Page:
New guidelines from the American College of Cardiology and the American Heart Association say healthy adults without known heart disease should no longer take an aspirin a day to prevent a heart attack. It could actually do more harm than good.
The revised guidelines come in the wake of several major studies published recently in the New England Journal of Medicine which showed that low-dose aspirin did not extend life in otherwise healthy older adults and any preventive benefits were offset by the danger of internal bleeding and other side effects in people considered to be at low or moderate risk for heart disease. Continue reading
As summer ebbs, influenza season is around the corner. Public health officials are beginning their annual campaign to urge people to get a flu shot long before cases begin to peak in January or February.
So what’s new for journalists to write about this year? Take a look at what happened last flu season and at some new data showing that flu vaccination may also reduce the chances of heart attacks and stroke, especially in those 65 or older. Continue reading
Now that I have your attention, let’s talk about it. There’s good news and bad news on the older adult sexual health front.
First the good news, at least if you’re an older woman. Frequent, enjoyable sex can lower risk of hypertension according to a new study by researchers at Michigan State University. Continue reading
The Centers for Medicare & Medicaid Services just announced a five-year test, to begin next summer, of a new way to pay for the care of patients who have had a heart attack or need coronary artery bypass graft surgery.
As with any new payment model, unintended consequences are possible. The experimental bundled-payment program, which was announced July 25 and will begin July 1, 2017, potential could lead some physicians to sell their practices to hospitals, be financially risky and potentially harmful to the hospitals forced to participate, and could lead to an increase in heart attacks, warned Francois de Brantes, executive director of the consulting firm Health Care Incentives Improvement Institute and an expert on bundled payment models. Continue reading
Postmenopausal women who eat foods higher in potassium are less likely to have strokes and die than women who eat less potassium-rich foods according to new research in Stroke, the journal of the American Heart Association.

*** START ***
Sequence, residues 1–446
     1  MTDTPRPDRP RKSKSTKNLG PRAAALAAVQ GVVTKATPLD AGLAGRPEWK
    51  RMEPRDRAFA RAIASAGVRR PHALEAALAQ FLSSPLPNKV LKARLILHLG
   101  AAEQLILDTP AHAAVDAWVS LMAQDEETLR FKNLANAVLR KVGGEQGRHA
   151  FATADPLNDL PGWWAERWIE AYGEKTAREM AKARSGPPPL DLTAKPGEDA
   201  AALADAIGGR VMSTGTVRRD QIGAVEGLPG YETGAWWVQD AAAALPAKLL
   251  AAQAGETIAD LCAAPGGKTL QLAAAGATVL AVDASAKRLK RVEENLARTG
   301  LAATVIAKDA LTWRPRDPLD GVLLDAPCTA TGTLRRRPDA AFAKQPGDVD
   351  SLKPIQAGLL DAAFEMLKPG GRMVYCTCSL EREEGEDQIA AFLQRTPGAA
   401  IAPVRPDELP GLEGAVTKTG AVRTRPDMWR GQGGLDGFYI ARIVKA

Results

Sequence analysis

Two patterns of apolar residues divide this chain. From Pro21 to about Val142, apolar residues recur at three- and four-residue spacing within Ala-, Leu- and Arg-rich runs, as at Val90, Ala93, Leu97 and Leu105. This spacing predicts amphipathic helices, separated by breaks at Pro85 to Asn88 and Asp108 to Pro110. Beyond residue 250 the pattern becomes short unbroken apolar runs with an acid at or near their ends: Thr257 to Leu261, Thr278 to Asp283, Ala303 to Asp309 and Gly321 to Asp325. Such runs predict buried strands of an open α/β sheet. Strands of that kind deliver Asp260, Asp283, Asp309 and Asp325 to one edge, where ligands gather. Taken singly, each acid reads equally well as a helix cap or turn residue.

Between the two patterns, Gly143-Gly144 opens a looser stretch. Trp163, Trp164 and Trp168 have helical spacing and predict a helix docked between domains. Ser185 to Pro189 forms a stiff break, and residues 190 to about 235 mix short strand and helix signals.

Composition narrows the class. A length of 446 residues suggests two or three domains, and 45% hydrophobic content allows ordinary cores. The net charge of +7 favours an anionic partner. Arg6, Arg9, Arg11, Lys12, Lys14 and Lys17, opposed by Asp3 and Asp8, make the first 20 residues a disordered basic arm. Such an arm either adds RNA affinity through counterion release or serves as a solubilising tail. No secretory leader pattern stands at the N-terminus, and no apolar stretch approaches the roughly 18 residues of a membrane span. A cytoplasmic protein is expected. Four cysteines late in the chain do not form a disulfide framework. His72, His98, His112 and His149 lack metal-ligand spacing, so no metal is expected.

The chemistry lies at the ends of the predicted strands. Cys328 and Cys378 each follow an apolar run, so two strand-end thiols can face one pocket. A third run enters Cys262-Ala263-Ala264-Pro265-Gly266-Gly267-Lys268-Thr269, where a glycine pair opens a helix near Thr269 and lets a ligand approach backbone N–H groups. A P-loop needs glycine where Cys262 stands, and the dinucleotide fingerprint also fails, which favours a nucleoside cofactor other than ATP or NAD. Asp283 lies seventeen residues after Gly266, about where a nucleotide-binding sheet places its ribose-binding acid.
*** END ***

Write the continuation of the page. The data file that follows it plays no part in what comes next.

Stroke is the fourth leading cause of mortality in the United States, and as this infographic shows, women account for 60 percent of all stroke cases in the U.S. Women also have higher lifetime risk of stroke than men.
In this observational study, researchers tracked 90,137 postmenopausal women, ages 50 to 79, for an average 11 years. They looked at potassium consumption, incidence and type of stroke and mortality during that period. The average dietary potassium intake from food —not supplements — was 2,611 mg/day. All participants were free of stroke history at baseline. Continue reading
Just in time for the American Heart Association’s annual meeting, Milwaukee Journal Sentinel reporter John Fauber offers something of a “state of the heart” address, explaining why, after years of breakthroughs and broad progress, cardiac research has suddenly hit a plateau. The short answer seems to be that, in a crowded market with a high bar for comparative effectiveness, companies can’t just pump out any old heart-related drug and get a guaranteed blockbuster anymore.
“Cardiology is no longer low-hanging fruit,” said James Stein, a cardiologist at the University of Wisconsin School of Medicine and Public Health. “I don’t see anything in the next five years that is going to dramatically change how we treat, other than the new blood thinners.”
Fauber pegs drugs that target genetic variation as the sector’s next growth area, but it looks like those won’t hit the market for another decade. At present, the only thing the industry can really hang its hat on is anticoagulants.